Then there’s Head in the Wall, by Mark Jenkins, a human-sized work bringing Urban Art to life and ultimately creating a reaction from its audience, which sold for $15,000.
Speaking of Major Street Art, haven’t past Major Street Art Auctions found FAAM auctioning off numerous works by Banksy?
Yes, FAAM has sold more than a few iconic pieces by Banksy over the years, including Kissing Coppers, which went for $575,000 in 2013.
C/Would you please now cite a few of the highlights from the last Important Paintings and Sculptures Auction?
Here are some record-breakers from our records: Valentin Aleksandrovich Serov, Portrait of Oskar and Roza Gruzenberg, 1910, tempera on canvas ($4,673,500 in 2013); Claude Monet, Voilier sur le petit bras de la Seine, Argenteuil, 1872, oil on canvas ($9,265,500 in 2012); Robert Indiana, LOVE Sculpture ($1,045,500 in 2012); Mubin Orhon, Composition, 1959, oil on canvas ($200,000 in 2013); Wilfredo Lam, Untitled, 1969, oil on canvas ($193,500 in 2013); Fernando Botero, The beach, 2009, oil on canvas ($1,000,000 in 2014); Pablo Picasso, Le peintre et son modele, 1965, oil on canvas ($2,200,000 in 2014); and Roberto Matta, Rencontre fortuite, 1957 ($135,000 in 2015).
Care to share some details on a few of the most likely record-breakers slated to gavel this weekend?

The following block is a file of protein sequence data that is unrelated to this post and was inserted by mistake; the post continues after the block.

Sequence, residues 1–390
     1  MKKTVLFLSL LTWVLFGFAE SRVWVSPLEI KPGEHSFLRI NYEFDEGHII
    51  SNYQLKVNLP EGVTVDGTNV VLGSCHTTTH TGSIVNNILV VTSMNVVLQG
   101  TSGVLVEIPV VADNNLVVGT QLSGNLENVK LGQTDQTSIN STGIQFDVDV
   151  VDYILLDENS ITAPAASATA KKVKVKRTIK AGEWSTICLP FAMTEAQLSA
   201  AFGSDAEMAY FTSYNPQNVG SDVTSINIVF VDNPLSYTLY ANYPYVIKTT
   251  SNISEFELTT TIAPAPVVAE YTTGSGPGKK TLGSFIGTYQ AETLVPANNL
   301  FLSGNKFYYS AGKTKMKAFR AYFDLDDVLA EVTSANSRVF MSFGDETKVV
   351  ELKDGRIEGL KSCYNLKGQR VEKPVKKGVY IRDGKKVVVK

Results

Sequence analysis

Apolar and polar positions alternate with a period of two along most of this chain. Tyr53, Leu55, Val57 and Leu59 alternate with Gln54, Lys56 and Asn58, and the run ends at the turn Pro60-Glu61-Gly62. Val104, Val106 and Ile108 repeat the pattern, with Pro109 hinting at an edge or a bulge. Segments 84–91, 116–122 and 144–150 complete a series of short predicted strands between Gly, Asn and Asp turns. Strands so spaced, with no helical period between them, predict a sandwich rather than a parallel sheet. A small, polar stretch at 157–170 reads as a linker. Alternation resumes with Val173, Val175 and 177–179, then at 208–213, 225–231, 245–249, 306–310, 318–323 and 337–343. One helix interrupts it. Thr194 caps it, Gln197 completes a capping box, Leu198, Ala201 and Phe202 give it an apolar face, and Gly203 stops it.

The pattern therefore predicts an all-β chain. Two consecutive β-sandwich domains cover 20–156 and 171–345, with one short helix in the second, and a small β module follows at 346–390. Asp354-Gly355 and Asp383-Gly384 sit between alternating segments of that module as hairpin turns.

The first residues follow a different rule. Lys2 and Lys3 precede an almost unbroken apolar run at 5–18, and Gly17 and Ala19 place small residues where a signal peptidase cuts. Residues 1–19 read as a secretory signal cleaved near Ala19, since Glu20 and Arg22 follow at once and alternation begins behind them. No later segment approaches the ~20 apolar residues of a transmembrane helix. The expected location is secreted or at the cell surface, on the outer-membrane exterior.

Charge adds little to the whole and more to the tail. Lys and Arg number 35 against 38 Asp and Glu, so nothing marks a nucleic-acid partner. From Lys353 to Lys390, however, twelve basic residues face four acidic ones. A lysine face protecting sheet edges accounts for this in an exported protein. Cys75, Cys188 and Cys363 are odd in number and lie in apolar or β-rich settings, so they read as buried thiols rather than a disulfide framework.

I’d be delighted! I’ll even provide the Lot #’s and base estimates in order to make it easy for the bidders to go to war without bother!
As you know, FAAM’s sixth annual April sale is focused around an Optical and Geometrical Collection, which means of course Op-Art, and the legendary school’s various progeny.
Of the likely record-breakers is David Burliuk, Train, ca 1927, oil on canvas (Lot 6/est: $150,000 – $200,000); Joan Miro, Figure (Personnage), 1971, Bronze with green patina (Lot 14/est: $80,000 – $100,000); Victor Vasarely, Rixa, 1991, acrylic on canvas (Lot 62/est: $100,000 – $150,000); Rhod Rothfuss, Untitled, 1950, acrylic on wood (est $150,000 – $200,000), Carmelo Arden Quin, Collage, 1949, collage and oil on cardboard (Lot 29/est: $40,000 – $60,000); Gyula Kosice, Hidroluz (Lampara de Pie), 1975, Plexiglas, light, motor, and water in wooden case (est: $60,000 – $80,000); Julio Le Parc, Ondes, 1974, acrylic on canvas (lot 54/est: $40,000 – $60,000).
Where’d all this Wow come from?
The works are sourced from two major European collectors — a Swiss banker who’s passionate about the relationship between the intellect and Op Art (especially with Vasarely, who features heavily in his collection), and a Paris-based industrialist who’s spent over 50 years amassing optical and geometrical artworks, from all over the world (including in Latin America, which will be considerably represented, via Op Art and otherwise).
Won’t Latin Americans also be represented aside from the Op-Art?
It will indeed, especially by Modern Chilean Master Roberto Matta and Contemporary Cubans such as Enrique Toledo, Roberto Fabelo, Cundo Bermudez and many more.
Previews April 25-29 10:00 am ~ 7:00 pm. Auction April 29 5:00 pm ~ 8:00 pm. The Moore Building, 191 NE 40th St. Miami Design District.